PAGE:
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At Lavender Farm In Juab County, Mourners Gather To Remember Young Living Founder

Young Living

Hundreds of mourners gathered in Juab County on Friday to celebrate the founder of the Utah-based essential oils company, Young Living. Gary Young died on May 12 following a series of strokes. 


It was a funeral fit for the eccentric founder of Young Living. The service took place on the company’s 160-acre lavender farm in Mona inside a small rodeo arena where Young would sometimes hold jousting tournaments dressed in a full suit of armor. 


His funeral procession included bagpipe players, draft horses and a company-branded purple wagon carrying Young’s casket. 


Young founded his essential oils company in Riverton in the early 90s. He later bought the farm in Mona to grow and distill plants. The multi-level marketing firm has since grown into a global company with several thousand employees and offices in a dozen countries. 


Friends and company executives described Young as a pioneer of the modern alternative-health and wellness industry. They also described his penchant for adventures and overseas travel. 


Renae Spencer, an 18-year Young Living employee, stood in the bleachers with a plastic poncho and umbrella for the service. She said Young was more than just a boss. 


“He opened up a lot things for a lot of people in different ways," she said. "This kind of a job entails more than just farming.”


But Young was controversial, too. In the last year, his company ran afoul of the federal government for illegal oil trafficking. It also lost a multi-year lawsuit against rival distributer doTerra.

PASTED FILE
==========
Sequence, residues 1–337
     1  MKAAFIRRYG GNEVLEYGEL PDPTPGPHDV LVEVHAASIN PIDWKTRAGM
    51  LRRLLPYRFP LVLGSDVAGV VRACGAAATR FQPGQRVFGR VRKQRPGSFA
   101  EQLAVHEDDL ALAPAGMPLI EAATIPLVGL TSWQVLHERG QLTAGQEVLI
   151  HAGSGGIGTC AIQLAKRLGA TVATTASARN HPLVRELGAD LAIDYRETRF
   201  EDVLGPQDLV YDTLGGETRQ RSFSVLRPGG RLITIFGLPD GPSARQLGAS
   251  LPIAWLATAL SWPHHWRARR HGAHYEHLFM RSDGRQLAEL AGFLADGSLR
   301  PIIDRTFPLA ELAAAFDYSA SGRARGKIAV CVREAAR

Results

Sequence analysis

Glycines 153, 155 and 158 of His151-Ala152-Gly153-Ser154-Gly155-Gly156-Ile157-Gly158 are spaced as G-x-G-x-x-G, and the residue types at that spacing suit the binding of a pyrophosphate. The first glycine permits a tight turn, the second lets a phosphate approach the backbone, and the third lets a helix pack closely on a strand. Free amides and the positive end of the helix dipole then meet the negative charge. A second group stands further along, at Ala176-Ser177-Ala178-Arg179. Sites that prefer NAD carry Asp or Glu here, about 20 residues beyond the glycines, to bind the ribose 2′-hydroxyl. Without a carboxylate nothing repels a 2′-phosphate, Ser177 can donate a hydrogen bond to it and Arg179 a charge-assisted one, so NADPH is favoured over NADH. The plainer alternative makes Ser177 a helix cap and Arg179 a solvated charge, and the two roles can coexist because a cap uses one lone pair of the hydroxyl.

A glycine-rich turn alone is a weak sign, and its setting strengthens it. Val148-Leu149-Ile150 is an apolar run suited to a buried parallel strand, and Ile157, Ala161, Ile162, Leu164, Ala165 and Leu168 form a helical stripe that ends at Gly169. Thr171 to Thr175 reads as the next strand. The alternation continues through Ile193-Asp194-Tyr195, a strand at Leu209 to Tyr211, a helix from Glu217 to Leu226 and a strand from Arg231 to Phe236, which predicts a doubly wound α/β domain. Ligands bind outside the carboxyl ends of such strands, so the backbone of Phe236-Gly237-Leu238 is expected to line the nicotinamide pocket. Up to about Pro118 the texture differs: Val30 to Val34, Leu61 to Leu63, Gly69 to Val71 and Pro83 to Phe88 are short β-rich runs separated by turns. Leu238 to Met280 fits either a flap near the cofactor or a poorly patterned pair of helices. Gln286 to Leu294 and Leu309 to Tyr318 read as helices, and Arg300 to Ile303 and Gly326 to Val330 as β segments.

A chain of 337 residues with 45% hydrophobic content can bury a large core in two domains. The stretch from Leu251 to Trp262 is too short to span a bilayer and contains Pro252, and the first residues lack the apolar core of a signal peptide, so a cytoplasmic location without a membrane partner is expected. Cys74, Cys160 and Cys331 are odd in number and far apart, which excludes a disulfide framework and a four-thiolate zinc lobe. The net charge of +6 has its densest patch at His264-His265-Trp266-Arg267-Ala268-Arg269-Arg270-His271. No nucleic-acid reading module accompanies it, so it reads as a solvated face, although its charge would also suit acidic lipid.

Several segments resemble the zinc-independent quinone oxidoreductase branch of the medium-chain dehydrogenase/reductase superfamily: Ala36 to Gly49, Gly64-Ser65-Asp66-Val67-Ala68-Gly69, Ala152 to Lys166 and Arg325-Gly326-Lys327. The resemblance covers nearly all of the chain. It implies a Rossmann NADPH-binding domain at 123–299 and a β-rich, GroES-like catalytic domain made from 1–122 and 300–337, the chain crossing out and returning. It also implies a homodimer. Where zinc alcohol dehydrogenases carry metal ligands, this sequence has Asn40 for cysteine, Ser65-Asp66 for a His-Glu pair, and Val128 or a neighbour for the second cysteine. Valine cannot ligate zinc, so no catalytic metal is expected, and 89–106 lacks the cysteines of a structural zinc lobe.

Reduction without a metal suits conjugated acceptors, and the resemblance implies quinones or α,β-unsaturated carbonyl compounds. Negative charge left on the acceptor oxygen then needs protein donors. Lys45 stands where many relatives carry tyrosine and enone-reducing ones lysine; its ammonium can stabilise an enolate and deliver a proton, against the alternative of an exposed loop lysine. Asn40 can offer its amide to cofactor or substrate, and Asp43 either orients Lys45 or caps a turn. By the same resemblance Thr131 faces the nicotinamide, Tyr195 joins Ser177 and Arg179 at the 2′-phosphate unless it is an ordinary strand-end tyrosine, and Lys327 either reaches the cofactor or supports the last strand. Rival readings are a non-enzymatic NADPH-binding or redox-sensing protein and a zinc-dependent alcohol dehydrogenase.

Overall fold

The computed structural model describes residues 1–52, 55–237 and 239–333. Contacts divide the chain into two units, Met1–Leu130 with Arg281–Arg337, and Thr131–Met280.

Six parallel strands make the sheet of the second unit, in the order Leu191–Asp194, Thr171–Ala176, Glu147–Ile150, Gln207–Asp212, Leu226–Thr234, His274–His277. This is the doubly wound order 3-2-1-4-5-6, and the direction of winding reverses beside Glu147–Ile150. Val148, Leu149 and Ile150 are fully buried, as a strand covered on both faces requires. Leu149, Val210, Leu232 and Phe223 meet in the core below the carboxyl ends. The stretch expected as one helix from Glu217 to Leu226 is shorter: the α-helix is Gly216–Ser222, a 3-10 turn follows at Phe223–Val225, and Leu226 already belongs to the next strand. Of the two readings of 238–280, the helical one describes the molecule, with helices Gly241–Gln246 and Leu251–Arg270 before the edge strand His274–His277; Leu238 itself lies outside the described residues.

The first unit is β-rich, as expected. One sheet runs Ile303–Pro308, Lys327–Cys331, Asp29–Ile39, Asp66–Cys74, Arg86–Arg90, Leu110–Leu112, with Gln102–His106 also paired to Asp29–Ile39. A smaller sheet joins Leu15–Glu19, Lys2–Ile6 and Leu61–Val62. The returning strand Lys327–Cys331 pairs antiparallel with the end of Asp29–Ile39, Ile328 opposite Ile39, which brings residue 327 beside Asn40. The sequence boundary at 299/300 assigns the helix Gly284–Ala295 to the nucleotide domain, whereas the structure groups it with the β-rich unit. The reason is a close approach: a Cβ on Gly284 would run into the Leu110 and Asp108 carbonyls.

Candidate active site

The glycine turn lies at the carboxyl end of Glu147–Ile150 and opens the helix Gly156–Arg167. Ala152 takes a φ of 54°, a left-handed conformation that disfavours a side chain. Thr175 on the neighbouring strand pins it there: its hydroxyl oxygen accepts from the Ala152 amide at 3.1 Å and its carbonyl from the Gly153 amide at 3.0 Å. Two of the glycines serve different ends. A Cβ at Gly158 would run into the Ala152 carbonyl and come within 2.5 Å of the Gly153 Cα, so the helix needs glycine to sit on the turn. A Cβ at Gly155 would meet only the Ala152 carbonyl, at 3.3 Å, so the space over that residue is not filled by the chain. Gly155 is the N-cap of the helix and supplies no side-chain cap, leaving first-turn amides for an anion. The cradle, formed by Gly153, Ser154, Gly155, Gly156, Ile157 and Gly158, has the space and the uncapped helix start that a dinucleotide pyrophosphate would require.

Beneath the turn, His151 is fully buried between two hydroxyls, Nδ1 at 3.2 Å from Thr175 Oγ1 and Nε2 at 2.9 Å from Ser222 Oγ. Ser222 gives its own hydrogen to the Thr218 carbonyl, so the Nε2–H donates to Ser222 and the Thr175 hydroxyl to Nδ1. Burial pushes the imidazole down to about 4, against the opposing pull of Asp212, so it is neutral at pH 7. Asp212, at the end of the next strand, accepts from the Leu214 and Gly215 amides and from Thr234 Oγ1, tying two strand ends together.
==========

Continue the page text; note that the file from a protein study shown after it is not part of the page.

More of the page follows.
Young was 68. He’s survived by two sons and his wife, Mary Young, Young Living's CEO. 



Julia joined KUER in 2016 after a year reporting at the NPR member station in Reno, Nev. During her stint, she covered battleground politics, school overcrowding, and any story that would take her to the crystal blue shores of Lake Tahoe. Her work earned her two regional Edward R. Murrow awards. Originally from the mountains of Western North Carolina, Julia graduated from UNC-Chapel Hill in 2008 with a degree in journalism. She’s worked as both a print and radio reporter in several states and several countries — from the 2008 Beijing Olympics to Dakar, Senegal. Her curiosity about the American West led her to take a spontaneous, one-way road trip to the Great Basin, where she intends to continue preaching the gospel of community journalism, public radio and podcasting. In her spare time, you’ll find her hanging with her beagle Bodhi, taking pictures of her food and watching Patrick Swayze movies.
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